Now, I love water.  Being in the water always, always helps me, even better than a run, sometimes.

When I couldn’t take being so frustrated any more (I had a feeling somewhere between feeling like I was going to implode and like I was going to disappear…simultaneously), I swam to the side.  I clung to the brick wall and said, “God, please.”

Now, I’m not religious.  I’m not sure I believe in a specific god, or if I believe in the universe, or something, but sometimes, when I’m lost, I just need to say something, to just blurt out a cry for help.  And that was what came out.

I swam half of another lap and stopped at the edge, contemplating getting out.

Then I saw a frog floating in the water.

It was brown; its eyes were closed.

I screamed.  My dad was nearby:


“Aaagh!  Frog!  A frog!  I think it’s dead!”

The frog opened its eyes and started swimming.

I scrambled the hell out of the pool.

Don’t worry, we fished it out with a net, and it was fine.  It hopped away.

It was small, and it looked like a young frog (its legs looked newly formed), but to be honest, I don’t know much about frogs, so I couldn’t say for sure.

My dad had it trapped under the net, and I said, “What are you doing?  Just let it go.”

Just let it go.

I don’t know if this is just some sort of metaphor for my day, or what, but the whole thing shocked me into laughter and now I feel like I might not implode or disappear.

That’s always a good thing.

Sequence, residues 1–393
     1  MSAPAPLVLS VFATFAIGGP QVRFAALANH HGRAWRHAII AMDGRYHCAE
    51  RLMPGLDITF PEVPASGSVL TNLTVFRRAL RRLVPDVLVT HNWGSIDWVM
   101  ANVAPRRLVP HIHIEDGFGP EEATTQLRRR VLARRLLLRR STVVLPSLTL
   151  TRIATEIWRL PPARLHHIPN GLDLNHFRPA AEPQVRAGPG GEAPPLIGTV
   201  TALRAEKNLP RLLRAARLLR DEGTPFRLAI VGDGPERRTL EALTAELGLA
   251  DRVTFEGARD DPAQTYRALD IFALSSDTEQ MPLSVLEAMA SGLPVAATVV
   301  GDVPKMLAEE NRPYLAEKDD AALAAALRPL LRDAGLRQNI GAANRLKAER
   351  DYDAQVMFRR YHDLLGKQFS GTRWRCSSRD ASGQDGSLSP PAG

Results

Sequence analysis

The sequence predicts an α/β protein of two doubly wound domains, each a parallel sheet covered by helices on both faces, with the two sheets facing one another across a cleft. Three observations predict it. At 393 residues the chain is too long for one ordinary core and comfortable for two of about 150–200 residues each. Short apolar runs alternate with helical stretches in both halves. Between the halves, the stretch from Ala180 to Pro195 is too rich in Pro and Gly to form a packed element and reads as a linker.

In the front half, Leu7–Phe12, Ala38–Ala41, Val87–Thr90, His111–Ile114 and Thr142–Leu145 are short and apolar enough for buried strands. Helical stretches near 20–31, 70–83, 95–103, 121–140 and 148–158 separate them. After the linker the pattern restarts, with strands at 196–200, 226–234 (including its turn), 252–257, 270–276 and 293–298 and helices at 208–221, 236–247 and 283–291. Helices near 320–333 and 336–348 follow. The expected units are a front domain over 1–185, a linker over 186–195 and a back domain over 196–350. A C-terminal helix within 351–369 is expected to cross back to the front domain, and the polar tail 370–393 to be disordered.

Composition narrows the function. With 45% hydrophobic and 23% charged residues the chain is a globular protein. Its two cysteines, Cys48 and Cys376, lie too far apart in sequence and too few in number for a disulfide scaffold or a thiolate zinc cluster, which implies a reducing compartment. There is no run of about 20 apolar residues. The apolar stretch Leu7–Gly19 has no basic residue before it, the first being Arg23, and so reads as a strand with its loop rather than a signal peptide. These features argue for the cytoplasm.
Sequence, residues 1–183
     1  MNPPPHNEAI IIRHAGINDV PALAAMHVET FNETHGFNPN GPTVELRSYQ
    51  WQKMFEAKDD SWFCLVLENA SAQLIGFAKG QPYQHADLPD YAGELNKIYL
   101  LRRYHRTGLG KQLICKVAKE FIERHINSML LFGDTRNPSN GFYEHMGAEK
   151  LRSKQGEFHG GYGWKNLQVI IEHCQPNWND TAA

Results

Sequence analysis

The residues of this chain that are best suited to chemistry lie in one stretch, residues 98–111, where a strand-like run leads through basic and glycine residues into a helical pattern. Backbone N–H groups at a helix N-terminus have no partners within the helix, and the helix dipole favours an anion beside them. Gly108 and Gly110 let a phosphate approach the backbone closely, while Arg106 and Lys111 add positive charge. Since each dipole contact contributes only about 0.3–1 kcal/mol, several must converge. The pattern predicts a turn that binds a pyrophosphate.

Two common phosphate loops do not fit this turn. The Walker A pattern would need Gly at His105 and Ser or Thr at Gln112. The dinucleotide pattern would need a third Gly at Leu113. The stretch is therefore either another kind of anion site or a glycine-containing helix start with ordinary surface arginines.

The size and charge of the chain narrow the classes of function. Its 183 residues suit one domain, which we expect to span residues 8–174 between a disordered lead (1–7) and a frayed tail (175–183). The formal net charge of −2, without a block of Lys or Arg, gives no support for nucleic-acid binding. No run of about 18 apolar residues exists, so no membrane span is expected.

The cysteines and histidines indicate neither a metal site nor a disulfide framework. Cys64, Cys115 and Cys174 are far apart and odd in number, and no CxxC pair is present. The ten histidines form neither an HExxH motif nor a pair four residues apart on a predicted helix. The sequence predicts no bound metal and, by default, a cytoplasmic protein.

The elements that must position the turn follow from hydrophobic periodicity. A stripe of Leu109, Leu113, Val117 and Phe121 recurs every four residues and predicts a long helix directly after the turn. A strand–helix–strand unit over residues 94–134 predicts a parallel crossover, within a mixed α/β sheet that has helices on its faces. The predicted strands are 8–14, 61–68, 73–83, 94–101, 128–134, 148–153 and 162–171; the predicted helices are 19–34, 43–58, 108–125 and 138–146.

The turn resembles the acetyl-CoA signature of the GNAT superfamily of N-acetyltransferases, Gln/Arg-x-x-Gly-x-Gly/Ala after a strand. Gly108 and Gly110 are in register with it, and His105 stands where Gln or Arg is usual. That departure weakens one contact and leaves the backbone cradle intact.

In Which I Finally Leave the Hotel Room

We went to the public market at Granville Island yesterday.  We found a cool little music shop that had a bunch of instruments I’d never even heard of before.  One of them was a sound cradle:


The owner was incredibly nice and demonstrated several of the instruments.  With one person sitting in the sound cradle, another stands behind them and plays the strings on the sides of the cradle like a harp.  The effect is a soothing, breathtaking surround sound.  It was very, very awesome. 

He also demonstrated singing bowls, a giant gong (which had to be one of the coolest and scariest sounds I’ve heard in my life…completely mystical), and explained various instruments’ healing powers.  The sound cradle, for instance, is used in Germany to wake up coma patients.  He told us that in one study, a man who had been in a coma for 6 months woke up after 30 seconds or so of sitting in the sound cradle…how cool is that?!